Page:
According to Table 4, the maximum yield in customary system is for mild region (3.044 t ha-1), while the minimum is warm region (1.48 t ha-1).

The results revealed that the yield will be 1.60 and 1.34 t ha-1 for insured and non-insured farms, respectively. The percentage of the reduction is about 16% in each group. As a result, the mean cotton yield in organic customary cases is higher than non-insured cases (Table 5).

Table 1: Results of Khorasan cotton production function regression
Image for - A Model for Pre-Estimation of Production of Organic Cotton in Iran; Case Study of Khorasan Province
*: Significant in %1 level, ***: Significant in %10 level

Table 2: Decreasing cotton production in organic case
Image for - A Model for Pre-Estimation of Production of Organic Cotton in Iran; Case Study of Khorasan Province

Table 3: The organic and conventional cotton yield in acreage levels
Image for - A Model for Pre-Estimation of Production of Organic Cotton in Iran; Case Study of Khorasan Province

Table 4: The organic and conventional cotton yield in climatic regions
Image for - A Model for Pre-Estimation of Production of Organic Cotton in Iran; Case Study of Khorasan Province

Table 5: The organic and conventional cotton yield in insurance state farms
Image for - A Model for Pre-Estimation of Production of Organic Cotton in Iran; Case Study of Khorasan Province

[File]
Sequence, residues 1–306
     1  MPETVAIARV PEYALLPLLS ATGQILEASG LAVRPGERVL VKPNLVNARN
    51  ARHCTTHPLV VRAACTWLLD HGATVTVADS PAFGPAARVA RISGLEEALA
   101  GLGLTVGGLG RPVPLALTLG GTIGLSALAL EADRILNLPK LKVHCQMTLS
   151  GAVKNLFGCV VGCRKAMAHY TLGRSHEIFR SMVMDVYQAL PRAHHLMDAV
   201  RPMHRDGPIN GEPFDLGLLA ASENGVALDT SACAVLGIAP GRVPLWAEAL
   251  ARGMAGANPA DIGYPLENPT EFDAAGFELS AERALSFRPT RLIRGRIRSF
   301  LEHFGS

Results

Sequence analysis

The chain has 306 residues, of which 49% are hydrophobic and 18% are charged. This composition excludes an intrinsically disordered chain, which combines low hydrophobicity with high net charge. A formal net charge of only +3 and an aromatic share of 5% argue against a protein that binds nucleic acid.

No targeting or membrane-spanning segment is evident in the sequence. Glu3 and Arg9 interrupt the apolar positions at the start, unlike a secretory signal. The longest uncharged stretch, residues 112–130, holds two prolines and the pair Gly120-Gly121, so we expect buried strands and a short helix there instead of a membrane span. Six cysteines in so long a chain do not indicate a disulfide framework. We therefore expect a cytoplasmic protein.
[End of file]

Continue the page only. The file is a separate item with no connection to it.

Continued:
In next stage, the manure elasticity is increased as a scenario to determine how increase the cotton production with respect to increase the manure share in production. Table 6 revealed the simulation results due to increasing the manure share in cotton production to substitute by chemical fertilizers. On this basis, the manure significant affects on cotton production, but the average production won`t be considerable by increasing in manure elasticity. As a result, the organic and customary productions are the same whereas the manure elasticity increases by 0.53.

Table 6: Simulation an increase share of manure in cotton production
Image for - A Model for Pre-Estimation of Production of Organic Cotton in Iran; Case Study of Khorasan Province

The next point is that the Iranian cotton production is about 85000 ton. While there is 110000-115000 ton cotton demand from textile industry. Thus, country faced with 30000-35000 ton cotton deficit. By shifting to organic system of production, the total cotton production will be 55930000 ton which shows a decrease of 34.2% from initial level of production that means an annual shortage of 54000-59000. Regarding to a 40000 ton cotton inventory, we need to import 15000-20000 ton cotton for covering the factories` necessity.

With respect to results, supporting the farmers in primary stage for organic agriculture (transition phase); through credit facilities and extension services, etc will encourage farmers to shift to organic products and decrease imports. Therefore, we suggest planning for financial support for example subsidy payment for organic cotton in transition period, extension and providing non-chemical factors to compensate the related production loss. And also, suggest this approach use for a better planning and evaluating the organic products.